Masters degrees in Environmental Physiology offer advanced study of the physiological responses of plants and animals to environmental change.
Courses range from taught MSc degrees, to research-based MRes and MPhil programmes. Entry requirements normally include an undergraduate degree in a relevant subject such as Biology or Environmental Science.
Why study a Masters in Environmental Physiology?
Courses in this field train you to investigate and analyse issues such as biodiversity, homeostasis, stress and survival strategies.
Practical training may include processes such as taxonomy, bioimaging and 3D modelling, remote sensing, and GIS (geographical information systems). They may also include ecogenomics – the molecular study of an organism’s responses to its environment.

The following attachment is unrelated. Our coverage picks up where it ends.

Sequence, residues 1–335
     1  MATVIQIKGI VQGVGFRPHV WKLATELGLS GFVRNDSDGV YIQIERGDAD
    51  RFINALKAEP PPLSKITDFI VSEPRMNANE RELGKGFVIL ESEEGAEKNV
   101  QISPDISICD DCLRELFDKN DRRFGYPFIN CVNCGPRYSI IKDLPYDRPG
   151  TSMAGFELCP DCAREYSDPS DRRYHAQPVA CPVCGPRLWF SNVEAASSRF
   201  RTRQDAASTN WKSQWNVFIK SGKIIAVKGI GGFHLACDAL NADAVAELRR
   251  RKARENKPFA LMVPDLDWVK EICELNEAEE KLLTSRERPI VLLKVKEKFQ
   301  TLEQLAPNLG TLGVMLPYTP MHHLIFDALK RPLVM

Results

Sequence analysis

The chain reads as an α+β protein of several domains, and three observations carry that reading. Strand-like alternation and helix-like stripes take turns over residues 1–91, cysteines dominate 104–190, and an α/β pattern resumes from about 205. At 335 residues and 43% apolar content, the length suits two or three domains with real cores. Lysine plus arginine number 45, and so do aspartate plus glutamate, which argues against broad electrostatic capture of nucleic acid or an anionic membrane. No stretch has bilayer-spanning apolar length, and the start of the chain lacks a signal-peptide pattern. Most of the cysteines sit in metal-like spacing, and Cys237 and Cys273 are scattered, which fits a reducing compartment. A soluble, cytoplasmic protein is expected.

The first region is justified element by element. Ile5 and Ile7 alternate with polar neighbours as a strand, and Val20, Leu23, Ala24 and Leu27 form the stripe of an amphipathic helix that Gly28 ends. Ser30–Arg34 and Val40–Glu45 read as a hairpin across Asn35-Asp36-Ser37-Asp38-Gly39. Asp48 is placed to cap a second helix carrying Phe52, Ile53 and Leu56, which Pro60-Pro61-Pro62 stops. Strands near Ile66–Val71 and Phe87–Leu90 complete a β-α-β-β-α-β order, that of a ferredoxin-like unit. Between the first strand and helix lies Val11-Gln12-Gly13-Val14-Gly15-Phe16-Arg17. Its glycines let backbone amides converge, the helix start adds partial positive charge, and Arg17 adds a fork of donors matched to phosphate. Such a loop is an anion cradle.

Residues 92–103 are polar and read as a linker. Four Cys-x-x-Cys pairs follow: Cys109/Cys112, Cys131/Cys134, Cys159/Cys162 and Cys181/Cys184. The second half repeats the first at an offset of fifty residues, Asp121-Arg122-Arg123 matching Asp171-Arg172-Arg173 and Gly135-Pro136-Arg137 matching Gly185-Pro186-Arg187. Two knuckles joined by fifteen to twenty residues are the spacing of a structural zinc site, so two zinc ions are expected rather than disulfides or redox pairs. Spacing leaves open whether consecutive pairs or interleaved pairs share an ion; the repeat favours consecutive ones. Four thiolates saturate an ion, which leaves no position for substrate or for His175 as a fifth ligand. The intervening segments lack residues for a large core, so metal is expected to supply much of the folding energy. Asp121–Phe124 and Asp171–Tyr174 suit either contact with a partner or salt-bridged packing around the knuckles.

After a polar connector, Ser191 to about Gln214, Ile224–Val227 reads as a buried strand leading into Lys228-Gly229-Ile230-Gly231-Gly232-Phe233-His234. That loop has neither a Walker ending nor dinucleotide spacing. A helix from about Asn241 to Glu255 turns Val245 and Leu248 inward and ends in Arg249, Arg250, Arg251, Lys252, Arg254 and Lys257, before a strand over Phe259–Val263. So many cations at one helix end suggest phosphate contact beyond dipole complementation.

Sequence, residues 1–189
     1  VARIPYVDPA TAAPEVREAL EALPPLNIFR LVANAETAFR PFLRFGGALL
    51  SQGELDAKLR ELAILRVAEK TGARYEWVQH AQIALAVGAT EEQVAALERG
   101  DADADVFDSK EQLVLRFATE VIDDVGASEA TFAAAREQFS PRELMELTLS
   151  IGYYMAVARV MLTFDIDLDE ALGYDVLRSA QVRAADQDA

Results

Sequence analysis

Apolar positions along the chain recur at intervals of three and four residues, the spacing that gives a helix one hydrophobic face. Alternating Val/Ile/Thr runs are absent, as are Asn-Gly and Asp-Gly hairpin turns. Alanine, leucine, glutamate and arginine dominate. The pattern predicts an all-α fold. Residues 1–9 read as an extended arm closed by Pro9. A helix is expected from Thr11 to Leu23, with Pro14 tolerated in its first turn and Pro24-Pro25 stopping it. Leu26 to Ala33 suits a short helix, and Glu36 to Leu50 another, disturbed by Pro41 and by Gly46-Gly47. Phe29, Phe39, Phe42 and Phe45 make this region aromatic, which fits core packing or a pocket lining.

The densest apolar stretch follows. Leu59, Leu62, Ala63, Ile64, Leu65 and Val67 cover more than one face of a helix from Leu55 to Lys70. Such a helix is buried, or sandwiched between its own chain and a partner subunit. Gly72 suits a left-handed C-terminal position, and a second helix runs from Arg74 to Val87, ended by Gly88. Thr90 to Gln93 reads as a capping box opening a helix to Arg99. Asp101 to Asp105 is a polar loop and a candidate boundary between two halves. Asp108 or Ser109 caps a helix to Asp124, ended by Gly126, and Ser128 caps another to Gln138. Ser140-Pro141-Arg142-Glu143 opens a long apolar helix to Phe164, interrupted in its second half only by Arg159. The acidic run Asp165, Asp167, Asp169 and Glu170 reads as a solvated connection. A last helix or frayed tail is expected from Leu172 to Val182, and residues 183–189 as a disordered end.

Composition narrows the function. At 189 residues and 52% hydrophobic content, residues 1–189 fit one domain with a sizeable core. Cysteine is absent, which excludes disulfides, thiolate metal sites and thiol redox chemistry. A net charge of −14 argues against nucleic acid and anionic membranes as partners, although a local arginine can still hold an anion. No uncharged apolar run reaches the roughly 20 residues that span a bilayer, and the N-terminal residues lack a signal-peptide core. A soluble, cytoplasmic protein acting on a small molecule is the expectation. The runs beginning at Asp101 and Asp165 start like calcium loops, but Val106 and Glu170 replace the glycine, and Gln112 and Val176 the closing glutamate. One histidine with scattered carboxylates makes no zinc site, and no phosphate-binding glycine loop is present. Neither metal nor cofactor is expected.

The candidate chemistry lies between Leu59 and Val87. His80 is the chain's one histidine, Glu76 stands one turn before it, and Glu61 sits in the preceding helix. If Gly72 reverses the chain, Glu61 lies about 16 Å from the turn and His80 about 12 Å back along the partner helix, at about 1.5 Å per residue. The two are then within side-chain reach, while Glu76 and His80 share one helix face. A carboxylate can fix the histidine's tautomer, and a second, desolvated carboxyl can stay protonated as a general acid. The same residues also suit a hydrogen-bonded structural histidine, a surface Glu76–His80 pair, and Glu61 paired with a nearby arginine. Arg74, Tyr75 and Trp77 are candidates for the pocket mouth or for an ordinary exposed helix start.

These courses are often interdisciplinary in nature, but also offer opportunities for you to specialise your studies. For example, you may integrate techniques in Computer Science and Ecology to analyse migration patterns or the process of pollination.
Alternatively, you could specialise more specifically in areas such as ethnobiology and ethnobotany, studying the management of threatened species and the restoration of endangered wildlife and ecosystems.
Traditional careers include roles within government agencies or NGOs such as charities. You may also work in industries such as agriculture, pharmaceuticals and medicine.